Firstly, this post doesn’t pertain to any discussion On the Nature of Knowledge. I’m still piecing together my ideas for that post, and will post it later this week. I’m here today to simply talk about the fun I had this weekend revisiting old memories! Just this Saturday, I attended a series of events celebrating Indie Author Day at the Edmonton Public Library.
The experience was a lot of fun, and was a motivational reminder on my aspirations to become a successful writer. Having attended a few sessions ranging from discussions on self-publishing, marketing, to friendly advice on just getting your stories heard, I was thoroughly enthused to get back on my writer’s bandwagon by the time I returned home. For those among my followers who may not know, I’m a self-published author. My first book was Our Last Summer: A Personal Memoir detailing my experiences in Sudan where I completed my secondary education. The book is dedicated to my closest friends, in memory of our time together at Khartoum American School (K.A.S.), as well as my loving family.
I started writing the book back in 2009, and it was published around the summer of 2013 after having undergone a tedious but highly enlightening process of editing, book binding, and marketing with the assistance of iUniverse, a self-publishing company. My original intentions were to continuously promote the book afterward and hopefully help in its sales. My earlier blog, ourlastsummer2013, was meant for this. But, life happened, and following the publication of the book, I became quite jaded about writing and myself. I was also enmeshed in my personal identity crisis. Consequently, my promotional efforts were cut short, and I took a break from writing.
Three years down the road, I found myself sitting in a room filled with Indie authors, spending a few hours re-reading the passages in my book, and revisiting many forgotten memories of my past. I had recovered from my identity crisis thanks to my friends, and family, and am now close to completing a second book that has been in the works for two years. By revisiting said memories of a forgotten summer, I was able to reassess my growth as an individual during the last seven years of my life, ever since I commenced my post-secondary education at the University of Alberta. I was also able to recognize the significant influence writing Our Last Summer had in my life, and felt sad that the book never got the personal recognition it deserved from its own author.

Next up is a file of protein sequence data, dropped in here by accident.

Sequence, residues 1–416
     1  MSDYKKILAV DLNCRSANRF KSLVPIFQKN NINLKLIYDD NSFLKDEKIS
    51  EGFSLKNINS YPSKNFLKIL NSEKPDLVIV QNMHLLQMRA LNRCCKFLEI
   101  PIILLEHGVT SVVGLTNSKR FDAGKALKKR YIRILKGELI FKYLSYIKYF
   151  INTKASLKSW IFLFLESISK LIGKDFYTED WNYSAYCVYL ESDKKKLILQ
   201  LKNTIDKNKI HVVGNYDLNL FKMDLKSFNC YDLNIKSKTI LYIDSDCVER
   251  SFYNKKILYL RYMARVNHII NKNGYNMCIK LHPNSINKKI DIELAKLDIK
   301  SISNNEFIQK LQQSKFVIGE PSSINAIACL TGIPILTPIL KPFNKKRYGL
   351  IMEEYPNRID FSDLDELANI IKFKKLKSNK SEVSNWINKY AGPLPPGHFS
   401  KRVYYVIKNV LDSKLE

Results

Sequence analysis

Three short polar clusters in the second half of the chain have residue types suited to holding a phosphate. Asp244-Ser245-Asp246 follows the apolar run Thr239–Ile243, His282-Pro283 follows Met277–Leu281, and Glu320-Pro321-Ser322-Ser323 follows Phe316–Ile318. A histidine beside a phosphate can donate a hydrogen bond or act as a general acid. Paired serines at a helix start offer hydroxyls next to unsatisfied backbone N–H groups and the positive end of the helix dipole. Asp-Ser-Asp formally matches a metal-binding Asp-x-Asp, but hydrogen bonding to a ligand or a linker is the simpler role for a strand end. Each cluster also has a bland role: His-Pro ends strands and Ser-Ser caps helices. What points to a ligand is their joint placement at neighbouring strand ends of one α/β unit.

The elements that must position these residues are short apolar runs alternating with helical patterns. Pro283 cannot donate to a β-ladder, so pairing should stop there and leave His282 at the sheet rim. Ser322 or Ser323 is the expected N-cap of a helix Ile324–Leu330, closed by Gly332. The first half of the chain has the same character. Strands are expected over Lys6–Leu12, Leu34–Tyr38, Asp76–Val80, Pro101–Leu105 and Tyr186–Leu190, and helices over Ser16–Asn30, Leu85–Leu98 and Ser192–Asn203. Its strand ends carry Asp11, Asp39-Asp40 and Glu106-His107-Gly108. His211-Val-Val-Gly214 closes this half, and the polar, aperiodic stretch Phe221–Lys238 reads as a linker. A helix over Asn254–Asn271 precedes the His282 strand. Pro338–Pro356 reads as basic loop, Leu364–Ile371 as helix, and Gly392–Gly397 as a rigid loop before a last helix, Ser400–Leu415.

Ever since my childhood, I’ve been passionate about two things: learning and asking questions. These two attributes contribute to my personality as an autodidact and have been the main benefactors towards my motivation for higher studies, and academic pursuits in various fields from astrophysics, biophysics, plasma physics, and in the near future, robotics. My academic interests were also complemented by my love for writing, music, and art. Throughout my life, I’ve been able to engage and enhance my creativity and skills in these different subjects.
Having completed my Masters, and on the verge of finishing my second book, I’m now motivated to unite my interests toward a unique career. I have no idea what exactly it will be, but it certainly will have a mix of everything from being a scientist, writer, and an artist. It will be an infusion of the freedom and happiness I’ve found in my writing, engaging my imaginations and bringing them to fruition through my art and music, and sharing my comprehension of what I learn about the surrounding world to my friends, family, and to all of you! Part of that effort will now involve my dedication toward revamping the promotions on my first book Our Last Summer: A Personal Memoir. I will use The Pensive Reverie (and the Facebook group) along with my Twitter account to provide for promotional materials every now and then ranging from tidbits from the book, to free e-book passes, and reviews.